All songs by Richard Newman except *
* Words by Clare Crossman, Music by Richard Newman
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Richard Newman and Fenlight
When I was much younger I wrote a series of songs called Songs of the City about growing up in London, in fact, to be exact about growing up in Battersea, which is in South London. Many, many years later I was approached by the poet, Clare Crossman, with the idea that I use a set of poems that she was writing as the basis of creating a new set of songs on the theme of Fenlight.
On reading Clares work, and not just the work that became Fenlight, the effect on me was always to induce an emotional response. She is just that kind of writer. I am an urban man, I have grown up and lived in cities for the whole of my life and have spent no time at all living in a rural environment. Therefore, I approached this work, which is essentially about the countryside and community, as a complete outsider. Rather as if a South Londoner had been taken on a short break to the Fens and was able to walk around and just see.
Clare Crossman has been my eyes; her words have shown me spaces and places that are alien to me.
I thus bring to this project a South Londoners view of a rural landscape not seen directly,but in my imagination, through the words of Clare Crossman.
This therefore has been a genuine cross-arts project between, on the one hand an established poet and on the other, a songwriter of some experience.
In completing my work on this project I realise that I have brought much of the urban sensibility to it. There is aggression, paranoia and an intensity that you would only know of, if you had spent any real time of your life, living at street level in a major city. The city can be as dark, cold, isolating and ruthless as any theme that may have sprung from rural myth.
I have tried to be honest with my emotions and what you get is the effect of the poems upon me. Fenlight is not my light, however it is a light to see by. You may look through Clares words, or again, you may see things through the songs that I have written.
I hope you will be encouraged, to go and look for yourself.
Music beyond words
A note on collaboration with Richard
I always loved music. Music introduced me to poetry. The lyrics of Leonard Cohen for example, led me to Dylan Thomas and T.S. Eliot when I was 15.
There is a cadence in music, which gives it a transcendental quality. Music is beyond and more than words and in this way can illuminate them. Music in a sense demands a clarity and silence from language, which is distinct from poems written to simply be read on the page or aloud. In the process of hearing Richards music and songs, the poems changed to be come texts to hopefully complement and engage with the musical phrasing. Their order changed of 26 some were taken out, the short cinquains were written to underpin the power music has to provoke distinct images with clarity.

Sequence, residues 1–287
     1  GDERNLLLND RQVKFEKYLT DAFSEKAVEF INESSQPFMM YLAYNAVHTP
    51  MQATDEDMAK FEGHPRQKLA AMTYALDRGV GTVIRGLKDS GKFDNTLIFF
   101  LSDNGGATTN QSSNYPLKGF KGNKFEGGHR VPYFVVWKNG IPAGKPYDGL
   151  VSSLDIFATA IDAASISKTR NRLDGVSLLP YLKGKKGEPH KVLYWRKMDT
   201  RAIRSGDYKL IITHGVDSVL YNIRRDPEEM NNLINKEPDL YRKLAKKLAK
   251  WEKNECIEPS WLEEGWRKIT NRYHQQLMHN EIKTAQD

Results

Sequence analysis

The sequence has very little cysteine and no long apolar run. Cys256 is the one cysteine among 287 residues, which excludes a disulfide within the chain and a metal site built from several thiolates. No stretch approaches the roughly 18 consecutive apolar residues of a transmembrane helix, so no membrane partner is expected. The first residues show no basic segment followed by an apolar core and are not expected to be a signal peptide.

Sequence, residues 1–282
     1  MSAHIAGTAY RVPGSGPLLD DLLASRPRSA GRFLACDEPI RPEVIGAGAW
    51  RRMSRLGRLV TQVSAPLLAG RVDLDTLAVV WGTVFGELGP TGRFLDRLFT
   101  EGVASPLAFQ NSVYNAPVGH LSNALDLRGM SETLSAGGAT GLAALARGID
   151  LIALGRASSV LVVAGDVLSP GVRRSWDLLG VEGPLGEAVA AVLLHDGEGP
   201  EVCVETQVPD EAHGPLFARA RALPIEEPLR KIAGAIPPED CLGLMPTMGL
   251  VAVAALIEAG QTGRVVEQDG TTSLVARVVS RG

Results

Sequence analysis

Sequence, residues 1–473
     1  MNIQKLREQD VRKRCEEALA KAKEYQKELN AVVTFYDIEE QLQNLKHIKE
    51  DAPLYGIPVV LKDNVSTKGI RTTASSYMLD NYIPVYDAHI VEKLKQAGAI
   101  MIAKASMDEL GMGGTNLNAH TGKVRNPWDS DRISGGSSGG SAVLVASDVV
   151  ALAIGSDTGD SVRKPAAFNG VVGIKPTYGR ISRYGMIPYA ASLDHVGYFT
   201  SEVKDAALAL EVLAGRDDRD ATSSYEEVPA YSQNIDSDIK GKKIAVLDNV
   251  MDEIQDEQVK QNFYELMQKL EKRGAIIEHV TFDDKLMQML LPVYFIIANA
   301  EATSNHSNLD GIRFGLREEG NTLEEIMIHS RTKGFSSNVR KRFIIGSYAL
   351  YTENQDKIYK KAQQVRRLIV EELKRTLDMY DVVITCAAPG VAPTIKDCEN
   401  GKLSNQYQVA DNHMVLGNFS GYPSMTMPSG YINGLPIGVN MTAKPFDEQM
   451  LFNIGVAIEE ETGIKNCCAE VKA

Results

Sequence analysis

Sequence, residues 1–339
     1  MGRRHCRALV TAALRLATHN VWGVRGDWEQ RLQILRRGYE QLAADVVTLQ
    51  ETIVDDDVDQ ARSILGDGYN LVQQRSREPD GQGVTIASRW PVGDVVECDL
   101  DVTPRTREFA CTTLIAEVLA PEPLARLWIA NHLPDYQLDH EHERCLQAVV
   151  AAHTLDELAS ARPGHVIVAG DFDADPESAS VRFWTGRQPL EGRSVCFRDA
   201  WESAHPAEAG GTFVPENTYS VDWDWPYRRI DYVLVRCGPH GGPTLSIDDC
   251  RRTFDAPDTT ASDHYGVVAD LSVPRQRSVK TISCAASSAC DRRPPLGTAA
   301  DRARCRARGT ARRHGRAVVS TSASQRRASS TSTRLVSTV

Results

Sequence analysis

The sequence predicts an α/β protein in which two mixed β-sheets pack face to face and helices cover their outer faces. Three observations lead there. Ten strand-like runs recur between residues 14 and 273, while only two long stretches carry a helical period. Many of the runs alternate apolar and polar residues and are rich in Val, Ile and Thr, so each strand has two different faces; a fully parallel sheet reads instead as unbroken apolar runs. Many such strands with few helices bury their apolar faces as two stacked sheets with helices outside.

The poem Singer was inspired by Richards craft as a songwriter, and has been interpreted in the folk tradition. The poem Song was written after discovering the work of David Jones, the lyrics are unchanged as the poems ballad form spoke directly to Richard.
The order of the poems has been inspired by and is in response to the songs that have been written from some of the original poems and intended to compliment the music as well as aiming not to detract from it, hoping that the language of poetry and the language of music find a meeting point.
We have deliberately been open and fluid about changes in music and text.
The Lost and found is entirely Richards own composition, which we felt belonged in the journey from dark to light which Fenlight makes.
When Richard and I met it was the need to write poems and the need to play guitar and compose songs, which drew us together. We have been involved in an act of translation and interpretation a two way process which has resulted in Fenlight as a whole. As Daniel Barenboim recently said in his Reith Lectures Music is a freedom where sorrow and joy can be expressed together. This is the freedom I have experienced in the making of Fenlight.
About Richard Newman
Richard Newman was born in Kensington and first started working in the music business as a broadcaster. He hosted a slot about the folk music scene on the first commercial radio station in England called LBC. Later, he worked on Capital Radio in London. During this time, Richard was writing songs and began performing a series of songs, called 'Songs of the City', on the London TV Regional programme.
Richard wrote and presented his own Channel 4 television documentary 'Living With The Blues' and has written songs for Sue Stones album ' Woman' for the MR label. He has also had a major interview with Peter Green published by Guitarist Magazine.
In 1993 Richard wrote the book 'The Making of Mike Oldfield's Tubular Bells'.
He has produced albums featuring many of the founders of the London Blues Scene of the fifties and sixties.
Richard is also an advanced guitar teacher and acoustic guitar virtuoso.